Finally, remember that a written offer letter is often regarded as a contract from a legal standpoint. It is important then that this offer covers any aspects that are important to you and reflects the conversations that lead up to it. If official company policies are codified, ask for a copy to review.

Typically you only have a couple days to review and accept a job offer. Be prepared, know what is realistic as well as what you want and where you have room to negotiate. Good luck in your new job!

Article courtesy of the Recruiting Blogswap, a content exchange service sponsored by, a leading site for college students looking for internships and recent graduates searching for entry level jobs and other career opportunities.

How To Disguise A Checkered Work History

15 Aug

Article Title: How To Disguise A Checkered Work History
Author Byline: Cathy Eng, CARW, Owner of Resume Rocketeer, Inc.
Author Website:

Many of us have, even through no fault of our own, had a bumpy work history. This may be due to lay-offs, illnesses, temporary contractual work, staying home to raise children, career transitions, or a myriad of other situations. You may have perfectly legitimate reasons; however an employer may not understand why you have short tenures or gaps between jobs – they just want the best candidate for the job.

But have no fear! There are some ways to format your resume so that employers notice your excellent skills and qualifications rather than circumstances in your past. It starts with functional formatting, which means bringing your skills to be beginning and expanding on them, and moving your simplified work history to the end, which downplays your work chronology.

How exactly does this work? Here are the parts of a functional resume:

Introduction: Start with a career summary that gives an overview of your strongest selling points, including unique skills, certifications, corporate awards, etc. This immediately catches the eye of the reader and draws them in. You may also choose to include a list of relevant keywords and a personal branding statement in your introduction.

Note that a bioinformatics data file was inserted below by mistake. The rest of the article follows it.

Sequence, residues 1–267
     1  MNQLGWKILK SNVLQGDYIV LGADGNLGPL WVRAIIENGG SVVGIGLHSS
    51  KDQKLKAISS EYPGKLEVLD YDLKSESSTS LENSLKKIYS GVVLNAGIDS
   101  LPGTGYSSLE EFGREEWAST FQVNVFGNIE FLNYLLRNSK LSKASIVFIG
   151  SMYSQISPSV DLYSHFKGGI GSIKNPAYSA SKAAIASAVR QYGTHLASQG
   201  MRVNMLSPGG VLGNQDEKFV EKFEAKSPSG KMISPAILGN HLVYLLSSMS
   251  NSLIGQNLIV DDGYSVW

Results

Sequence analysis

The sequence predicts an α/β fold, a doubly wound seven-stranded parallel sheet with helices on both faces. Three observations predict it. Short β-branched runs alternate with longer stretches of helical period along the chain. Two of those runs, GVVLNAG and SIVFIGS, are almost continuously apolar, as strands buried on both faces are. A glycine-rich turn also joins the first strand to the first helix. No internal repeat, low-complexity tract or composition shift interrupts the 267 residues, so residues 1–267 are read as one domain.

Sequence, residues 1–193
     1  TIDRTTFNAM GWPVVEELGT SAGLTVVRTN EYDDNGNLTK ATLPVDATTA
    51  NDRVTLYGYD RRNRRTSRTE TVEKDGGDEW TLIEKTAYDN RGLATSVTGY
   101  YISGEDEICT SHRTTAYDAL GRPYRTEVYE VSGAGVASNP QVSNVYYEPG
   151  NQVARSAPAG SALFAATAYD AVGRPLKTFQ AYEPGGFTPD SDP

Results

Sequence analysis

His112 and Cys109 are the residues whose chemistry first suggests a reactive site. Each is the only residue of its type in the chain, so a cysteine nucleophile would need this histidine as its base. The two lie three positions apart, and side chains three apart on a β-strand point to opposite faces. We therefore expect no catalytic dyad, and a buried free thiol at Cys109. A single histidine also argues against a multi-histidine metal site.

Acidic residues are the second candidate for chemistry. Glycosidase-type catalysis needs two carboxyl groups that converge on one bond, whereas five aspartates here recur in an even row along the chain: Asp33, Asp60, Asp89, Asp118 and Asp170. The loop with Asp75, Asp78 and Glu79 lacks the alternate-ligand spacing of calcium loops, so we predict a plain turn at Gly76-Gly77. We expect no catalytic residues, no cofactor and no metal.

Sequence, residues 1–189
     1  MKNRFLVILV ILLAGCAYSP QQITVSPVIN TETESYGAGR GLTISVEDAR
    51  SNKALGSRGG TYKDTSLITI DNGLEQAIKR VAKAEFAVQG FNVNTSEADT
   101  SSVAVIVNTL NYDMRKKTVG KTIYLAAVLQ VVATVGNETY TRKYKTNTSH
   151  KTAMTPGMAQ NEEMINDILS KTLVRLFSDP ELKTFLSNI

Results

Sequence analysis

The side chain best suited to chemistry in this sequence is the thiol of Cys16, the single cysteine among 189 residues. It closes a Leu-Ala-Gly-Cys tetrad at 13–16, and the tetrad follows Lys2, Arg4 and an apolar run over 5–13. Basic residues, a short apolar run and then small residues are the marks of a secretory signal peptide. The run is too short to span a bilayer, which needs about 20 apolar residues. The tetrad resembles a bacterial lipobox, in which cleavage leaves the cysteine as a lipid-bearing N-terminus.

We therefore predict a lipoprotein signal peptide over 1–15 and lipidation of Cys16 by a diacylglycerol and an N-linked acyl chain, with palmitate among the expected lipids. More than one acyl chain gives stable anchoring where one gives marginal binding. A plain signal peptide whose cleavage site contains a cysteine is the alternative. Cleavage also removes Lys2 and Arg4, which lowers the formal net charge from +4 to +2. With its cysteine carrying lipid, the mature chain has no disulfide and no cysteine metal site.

Summary of Skills: This is where a work history might traditionally go. However, your strengths lie in your skills rather than your work history so displaying a detailed, categorized breakdown of those skills is a great use of space. For example, if you’re a retail sales manager, you may choose to break your skills down into sales and marketing, leadership, retail planning and purchasing, and operations (HR, accounting, etc.). It’s important to be specific here; listing generic skills wastes space and bores readers.

Work History: Use this section to simply list your job title, company name, location, and dates of employment for each job you’ve held. Don’t draw attention to this section by expanding on each job. You may also choose to leave dates off of positions you held more than 10 years ago as they lose relevance after that amount of time and indicate candidate age.

Additional Sections (education, certification, affiliations, etc.): It is important to place these features carefully according to your situation. IT professionals may choose to list their technical certifications at the beginning of the resume. Recent graduates may opt to do the same with the education section. Either way, I would recommend leaving one of these sections at the end of the resume so as not to stop with your broken work history, which ends the resume on a sour note. No matter the order you choose, be sure your skills and qualifications outshine your job chronology.

While this method is a great alternative for those who need it, it is by no means perfect. Recruiters and hiring managers are well aware that candidates use a functional format to hide questionable work circumstances. Therefore, it is important to be prepared to address your work situation. But don’t dwell and give excuses; keep it positive and focus on your skills rather than your past. And remember, you are not defined by your work history!

Article courtesy of the Recruiting Blogswap, a content exchange service sponsored by, a leading site for college students looking for internships and recent graduates searching for entry level jobs and other career opportunities.